Guide to Sweeteners

We know too much-refined sugar is not good for our health, and for a while, artificial sweeteners like Splenda looked good because they tasted sweet but didn’t spike your blood sugar… until we realized that they may impact our gut microbiome negatively and WORSEN insulin resistance. 

So, are there any sweeteners that are good for us?

Let’s break it down.

There are two types of sweeteners: Nutritive and Non-nutritive. 

Nutritive - contain calories e.g. honey, maple syrup

Non-nutritive - provides no calories e.g. Splenda, Stevia, monk fruit

Let’s take a look at some common non-nutritive ones:


Stevia is 200 times sweetener than sugar, and most people are familiar with stevia in the form of an extract, rather than whole leaf. Stevia extracts add no calories, and can be a great choice as a non-nutritive sweetener. The caveat is how it is processed and whether anything has been added to it. The extraction process may involve harmful chemicals, and many stevia sweeteners have been bleached and contain additives like ‘natural flavor’. These ‘extracts’ may also have an impact on our gut microbiome. Ironically, FDA has approved stevia extract Rebaudioside A (Reb A), but not the whole leaf. But personally, if I was to use stevia, I look for whole leaf stevia - which is basically ground up dried stevia leaves which should not contain any chemical residuals from the extraction process and fillers. If you have green thumbs, try growing stevia in your garden! 

Whole leaf stevia may also have added benefits like cholesterol regulation. 

Monk fruit

Monk fruit reminds me of my childhood when my grandma would brew teas using the whole fruit. Again, what we know as ‘monk fruit’ nowadays in the west does not resemble the fruit itself - we usually see it as an extracted form. It is also known as a non-nutritive sweetener, and can deliver that sweet taste without much of an effect on blood sugar. However, many are blended with sugar alcohols like erythritol so if you have GI issues, this may cause bloating. 

Artificial sweeteners

Other non-nutritive sweeteners like sucralose (splenda), aspartame (Equol) are big no no’s in my books. These have been shown to negatively affect our gut microbiome and worsen insulin resistance. Steer clear of these. 

Although non-nutritive sweeteners do not provide calories or increase our blood sugar, they might still trigger our reward system in the brain and lead to more sugar cravings/increased appetite. Non-nutritive sweeteners like Monk fruit and stevia are a lot sweeter than sugar and when we consume them, our sweet taste receptors are activated.  These ‘hyper-palatable foods’ can then trigger our reward system and can lead to overeating or more sugar cravings. More research is needed in this area, but for now, I would use monk fruit and whole leaf stevia in small amounts.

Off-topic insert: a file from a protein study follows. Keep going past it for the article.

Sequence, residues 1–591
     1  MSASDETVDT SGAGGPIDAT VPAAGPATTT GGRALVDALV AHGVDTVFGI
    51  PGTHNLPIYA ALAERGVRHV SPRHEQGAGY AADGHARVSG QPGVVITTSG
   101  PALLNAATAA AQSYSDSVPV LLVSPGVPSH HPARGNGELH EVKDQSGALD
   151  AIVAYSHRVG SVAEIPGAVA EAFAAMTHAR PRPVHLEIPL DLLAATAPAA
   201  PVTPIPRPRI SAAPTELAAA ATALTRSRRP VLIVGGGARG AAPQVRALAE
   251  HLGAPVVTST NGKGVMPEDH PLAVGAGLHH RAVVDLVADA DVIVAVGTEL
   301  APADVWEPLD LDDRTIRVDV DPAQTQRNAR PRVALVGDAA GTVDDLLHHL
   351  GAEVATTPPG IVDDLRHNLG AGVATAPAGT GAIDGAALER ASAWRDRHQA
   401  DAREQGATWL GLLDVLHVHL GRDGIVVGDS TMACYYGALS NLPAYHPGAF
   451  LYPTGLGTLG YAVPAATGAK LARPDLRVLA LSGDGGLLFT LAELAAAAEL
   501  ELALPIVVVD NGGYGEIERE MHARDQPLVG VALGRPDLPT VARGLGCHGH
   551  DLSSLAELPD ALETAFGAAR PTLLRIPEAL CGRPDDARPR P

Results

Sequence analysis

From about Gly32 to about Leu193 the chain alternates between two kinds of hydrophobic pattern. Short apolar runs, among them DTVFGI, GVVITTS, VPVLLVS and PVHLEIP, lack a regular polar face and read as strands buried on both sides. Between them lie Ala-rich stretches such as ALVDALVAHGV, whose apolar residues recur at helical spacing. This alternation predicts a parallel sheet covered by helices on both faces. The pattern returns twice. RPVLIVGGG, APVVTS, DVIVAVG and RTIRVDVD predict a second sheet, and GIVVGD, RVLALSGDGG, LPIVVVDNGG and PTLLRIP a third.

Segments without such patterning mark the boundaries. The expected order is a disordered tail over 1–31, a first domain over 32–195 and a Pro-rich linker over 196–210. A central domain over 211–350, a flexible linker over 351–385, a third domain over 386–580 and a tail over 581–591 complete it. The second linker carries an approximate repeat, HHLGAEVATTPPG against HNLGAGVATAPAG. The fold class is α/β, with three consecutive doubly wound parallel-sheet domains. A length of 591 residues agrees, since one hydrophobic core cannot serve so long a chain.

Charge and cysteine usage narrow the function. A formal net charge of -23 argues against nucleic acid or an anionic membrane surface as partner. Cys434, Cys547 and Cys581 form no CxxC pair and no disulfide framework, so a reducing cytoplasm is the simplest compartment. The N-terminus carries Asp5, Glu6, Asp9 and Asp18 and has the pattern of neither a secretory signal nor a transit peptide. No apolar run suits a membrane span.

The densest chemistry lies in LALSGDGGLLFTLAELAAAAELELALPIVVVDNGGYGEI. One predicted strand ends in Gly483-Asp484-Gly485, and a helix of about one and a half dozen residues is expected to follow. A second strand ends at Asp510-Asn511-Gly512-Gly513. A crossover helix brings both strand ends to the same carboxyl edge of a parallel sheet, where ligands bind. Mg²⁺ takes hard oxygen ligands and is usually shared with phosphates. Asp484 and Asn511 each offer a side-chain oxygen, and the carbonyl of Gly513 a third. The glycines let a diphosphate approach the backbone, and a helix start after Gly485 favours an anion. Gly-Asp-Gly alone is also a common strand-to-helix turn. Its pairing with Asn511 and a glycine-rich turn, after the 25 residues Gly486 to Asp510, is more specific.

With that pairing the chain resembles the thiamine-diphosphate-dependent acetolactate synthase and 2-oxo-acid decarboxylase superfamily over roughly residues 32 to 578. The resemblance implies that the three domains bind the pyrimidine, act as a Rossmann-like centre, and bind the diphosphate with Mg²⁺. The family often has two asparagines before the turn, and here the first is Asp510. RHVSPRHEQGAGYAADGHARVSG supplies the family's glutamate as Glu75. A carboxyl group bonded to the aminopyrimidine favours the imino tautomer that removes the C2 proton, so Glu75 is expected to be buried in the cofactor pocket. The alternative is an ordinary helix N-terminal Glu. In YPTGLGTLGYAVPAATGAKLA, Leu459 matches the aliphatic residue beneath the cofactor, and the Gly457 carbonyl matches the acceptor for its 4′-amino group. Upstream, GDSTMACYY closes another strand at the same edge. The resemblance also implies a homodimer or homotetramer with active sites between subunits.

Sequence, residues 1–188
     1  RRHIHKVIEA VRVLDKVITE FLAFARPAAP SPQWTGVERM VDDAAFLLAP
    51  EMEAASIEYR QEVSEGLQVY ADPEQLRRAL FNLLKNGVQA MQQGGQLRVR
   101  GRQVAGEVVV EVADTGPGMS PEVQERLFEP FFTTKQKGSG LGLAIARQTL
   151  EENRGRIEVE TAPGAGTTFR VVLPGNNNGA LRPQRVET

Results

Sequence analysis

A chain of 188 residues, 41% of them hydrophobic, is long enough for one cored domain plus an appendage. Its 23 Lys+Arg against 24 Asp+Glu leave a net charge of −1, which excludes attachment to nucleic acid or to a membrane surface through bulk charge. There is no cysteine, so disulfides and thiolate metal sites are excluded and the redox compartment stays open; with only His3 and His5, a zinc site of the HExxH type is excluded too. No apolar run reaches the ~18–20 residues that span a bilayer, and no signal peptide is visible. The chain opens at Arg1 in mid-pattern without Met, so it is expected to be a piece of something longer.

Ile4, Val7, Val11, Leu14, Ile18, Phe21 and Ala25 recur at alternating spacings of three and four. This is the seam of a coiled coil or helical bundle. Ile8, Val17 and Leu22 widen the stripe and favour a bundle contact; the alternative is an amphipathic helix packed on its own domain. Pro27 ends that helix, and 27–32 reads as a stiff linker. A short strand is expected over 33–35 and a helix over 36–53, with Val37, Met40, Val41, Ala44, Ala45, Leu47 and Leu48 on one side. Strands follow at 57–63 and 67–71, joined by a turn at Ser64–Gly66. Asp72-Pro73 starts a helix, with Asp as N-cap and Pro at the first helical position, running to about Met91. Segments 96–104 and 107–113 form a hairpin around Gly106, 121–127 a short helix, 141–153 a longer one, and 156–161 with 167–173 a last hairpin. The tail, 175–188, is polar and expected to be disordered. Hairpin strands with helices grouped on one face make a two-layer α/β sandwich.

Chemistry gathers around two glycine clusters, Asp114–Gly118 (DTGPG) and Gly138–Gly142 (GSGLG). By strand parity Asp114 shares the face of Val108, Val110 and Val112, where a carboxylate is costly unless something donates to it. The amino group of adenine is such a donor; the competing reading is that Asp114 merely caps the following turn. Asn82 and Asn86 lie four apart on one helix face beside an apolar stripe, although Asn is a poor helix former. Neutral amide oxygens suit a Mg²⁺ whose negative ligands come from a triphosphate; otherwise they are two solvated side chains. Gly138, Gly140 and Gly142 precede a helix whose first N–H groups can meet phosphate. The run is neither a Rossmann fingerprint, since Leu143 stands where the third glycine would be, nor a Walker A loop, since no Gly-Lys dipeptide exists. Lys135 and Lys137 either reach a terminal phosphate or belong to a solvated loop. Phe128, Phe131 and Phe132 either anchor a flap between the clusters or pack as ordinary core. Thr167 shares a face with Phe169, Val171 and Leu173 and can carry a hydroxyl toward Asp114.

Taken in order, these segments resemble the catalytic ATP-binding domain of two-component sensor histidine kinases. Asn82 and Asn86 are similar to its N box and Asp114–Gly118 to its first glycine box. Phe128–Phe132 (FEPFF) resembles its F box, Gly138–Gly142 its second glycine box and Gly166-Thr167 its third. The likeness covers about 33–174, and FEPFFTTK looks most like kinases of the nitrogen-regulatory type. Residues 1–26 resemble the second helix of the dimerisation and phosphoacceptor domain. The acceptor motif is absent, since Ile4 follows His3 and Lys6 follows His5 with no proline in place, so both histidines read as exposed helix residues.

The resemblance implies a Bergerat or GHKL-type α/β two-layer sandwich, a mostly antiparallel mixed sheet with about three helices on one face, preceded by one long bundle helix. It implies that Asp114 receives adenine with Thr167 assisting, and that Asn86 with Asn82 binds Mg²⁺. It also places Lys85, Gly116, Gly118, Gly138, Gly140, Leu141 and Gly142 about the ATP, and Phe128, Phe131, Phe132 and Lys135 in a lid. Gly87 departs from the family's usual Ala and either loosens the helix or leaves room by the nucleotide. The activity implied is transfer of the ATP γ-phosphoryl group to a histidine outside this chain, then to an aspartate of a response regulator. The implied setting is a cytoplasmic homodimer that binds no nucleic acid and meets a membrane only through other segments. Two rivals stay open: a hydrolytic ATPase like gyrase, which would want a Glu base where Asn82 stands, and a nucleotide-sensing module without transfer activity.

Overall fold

What about sugar alcohols?

There are two main ones. 

  1. Erythritol - this is almost a non-nutritive sweetener because it only provides 0.24 calories per gram, so the caloric contribution is minimal. Most of erythritol — about 90% — gets absorbed in the gut and so it is less likely than the other sugar alcohols to cause GI upsets like diarrhoea and bloating  The consumption of erythritol has also been shown to stimulate the secretion of Glucagon-like 29 peptide 1 (GLP-1) and cholecystokinin (CCK), two gut peptides released in response to nutrient intake and so even though it might not raise blood sugar, it might still have a metabolic effect in the body, and we also don’t know its consequence on our microbiome. 
  2. Xylitol - absorbed less than erythritol, so can be passed into the the large intestine causing bloating and diarrhoea in some people. It can also cause a small rise in blood sugar and insulin. 

So out of the two, erythritol is a better choice although it may still cause GI upset in some people. 

What do I use? 

My favorite way to sweeten things is to use bananas or a homemade date paste. Simply soak 10 pitted dates in water for 4-5 hours then blend into a smooth liquid/paste. If I want a slighly thicker and sweeter paste I use 1/2 cup water. If I want a more runny consistency, I blend with 1 cup water. 

Otherwise, I prefer to use the more natural nutritive sweeteners like coconut palm sugar, because it has a lower glycemic index than table sugar, and contains way less fructose (only about 9%, compared to cane sugar which is 50%). 

Honey, pure maple syrup, blackstrap molasses are also other great options I use - they contain some micronutrients. Obviously, if you are vegan, honey is not for you. In excess, these will still cause a spike in blood sugar and insulin.

In reality, what I often do is to combine whole-leaf stevia or monk fruit with coconut sugar or maple syrup - this allows me to add a sweet taste while using smaller amounts of both. 

The nutritive sweeteners I try to avoid are: table sugar, cane sugar, agave syrup (because it can be up to 70-80% fructose, vs maple which is usually around 35%). Excessive fructose in extracted form like syrups can place a burden on our liver and increase the propensity towards metabolic syndrome and fatty liver. (Fructose that is present in whole fruits, bound to sugar, is totally different and whole fruits are good for you). 


Download The Free Gut Health Guide